Finding the way – Pou Ārahi
What came out of conversations was a set of navigation way-finding points that the wider research team terms Pou Ārahi. The team likens these to navigation markers on a walking track in the bush, demonstrating there are many ways for a person to get to where they would like to go.
This idea of way-finding points or Pou Ārahi is a departure from more traditional ‘deficit-based thinking’ which concentrates on the idea of problems and finding solutions to problems.
“We have to remind ourselves on a daily basis that people inherently have the capability within themselves to make their own decisions (for living with long-term condition/s), and we need to support that. So instead of looking at people with long-term conditions as ‘needy’ can we find ways to support them to find their own way, whichever way that might be,” says Dr Wilkinson.
The Pou Ārahi are categorised into interpersonal, community, and systems categories:
- An example of interpersonal Pou Ārahi is the need for healthcare professionals to listen more carefully to patients, so that patients can feel more part of the decision-making process about their own lives.
- Community-level Pou Ārahi encourage both giving and receiving as members of a community, and using technology coupled with diverse communication methods that build on existing relationships.
- The systems category covers many aspects of health care provision, including a need to find alternatives to the current ‘disease siloed’ approaches to providing health care and support to people with multiple long-term conditions, and reversing the language from ‘providing care’ to helping people ‘restore their own wellness’.
“People aren’t bits,” says Dr Wilkinson. “They are a whole person. Looking at a person as a knee or a set of lung diseases isn’t always useful and there needs to be some re-thinking around how systems for accessing health and social care can work better to support people in a way that is meaningful and respectful.”
An Interactive Map
One result of this change in thinking has been to develop an interactive map for use within the Christchurch community, featuring information on a wide range of groups, programmes, activities and events (available on the WellConnectedNZ website). The map can be contributed to and used by individuals, service providers, health professionals and whānau. Project leader Dr Michael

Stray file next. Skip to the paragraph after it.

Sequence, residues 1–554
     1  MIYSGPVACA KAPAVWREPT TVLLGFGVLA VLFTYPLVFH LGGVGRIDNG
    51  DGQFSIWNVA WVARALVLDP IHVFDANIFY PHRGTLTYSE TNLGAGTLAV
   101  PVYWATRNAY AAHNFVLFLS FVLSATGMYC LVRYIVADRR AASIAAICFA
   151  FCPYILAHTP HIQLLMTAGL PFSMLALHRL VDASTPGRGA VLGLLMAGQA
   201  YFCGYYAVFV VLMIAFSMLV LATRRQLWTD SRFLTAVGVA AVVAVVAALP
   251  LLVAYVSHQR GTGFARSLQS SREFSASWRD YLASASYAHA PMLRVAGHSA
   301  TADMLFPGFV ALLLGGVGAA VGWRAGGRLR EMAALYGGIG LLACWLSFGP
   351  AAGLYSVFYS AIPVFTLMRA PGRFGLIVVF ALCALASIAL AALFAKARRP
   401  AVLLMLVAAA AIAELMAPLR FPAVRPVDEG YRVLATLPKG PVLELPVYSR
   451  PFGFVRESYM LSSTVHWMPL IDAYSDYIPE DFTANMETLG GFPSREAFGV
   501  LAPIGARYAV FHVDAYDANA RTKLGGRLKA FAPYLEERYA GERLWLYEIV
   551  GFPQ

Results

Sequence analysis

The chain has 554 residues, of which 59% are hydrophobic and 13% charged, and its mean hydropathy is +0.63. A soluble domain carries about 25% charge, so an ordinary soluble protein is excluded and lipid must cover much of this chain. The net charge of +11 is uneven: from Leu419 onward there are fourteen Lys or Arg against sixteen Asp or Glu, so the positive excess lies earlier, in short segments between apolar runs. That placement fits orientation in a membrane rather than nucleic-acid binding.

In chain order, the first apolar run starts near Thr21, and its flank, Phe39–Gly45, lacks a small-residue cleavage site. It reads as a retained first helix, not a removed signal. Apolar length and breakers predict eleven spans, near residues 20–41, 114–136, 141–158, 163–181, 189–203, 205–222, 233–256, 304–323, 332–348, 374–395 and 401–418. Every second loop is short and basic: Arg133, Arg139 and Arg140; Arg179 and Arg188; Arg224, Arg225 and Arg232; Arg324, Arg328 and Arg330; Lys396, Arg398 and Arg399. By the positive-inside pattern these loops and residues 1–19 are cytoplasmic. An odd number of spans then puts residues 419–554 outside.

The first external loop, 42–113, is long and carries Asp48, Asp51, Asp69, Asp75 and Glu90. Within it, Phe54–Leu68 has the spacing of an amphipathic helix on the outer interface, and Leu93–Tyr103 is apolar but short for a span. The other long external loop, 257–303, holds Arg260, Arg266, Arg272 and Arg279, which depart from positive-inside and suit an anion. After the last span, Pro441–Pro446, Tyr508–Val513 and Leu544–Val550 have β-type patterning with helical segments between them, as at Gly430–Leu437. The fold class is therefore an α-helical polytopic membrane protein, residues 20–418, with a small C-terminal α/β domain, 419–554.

Dr Epton is working with primary care practices in Christchurch to use the map as a conversation starter among patients as to how they could see themselves getting out and about more in their communities. And now there’s interest from international health researchers in replicating the idea.
Empowering people with long-term conditions
Interestingly, the WellConnectedNZ™ team has found that simply talking with people has in itself created change.
“Simply by saying to people ‘so what’s stopping you from doing this?’ has been empowering,” says Dr Wilkinson.
“Part of our role in this project has been about knowledge translation, and about saying ‘so why can’t you do that – what’s stopping you? How might that be enacted in your workplace or your daily life?’”
They’re simple questions that may, in time, help those with long-term conditions find their way to wellness.
* The WellConnectedNZ™ research project is jointly funded (in part) by the Health Research Council of New Zealand, Ministry of Health and Healthier Lives National Science Challenge, as part of the Long-Term Conditions Partnership.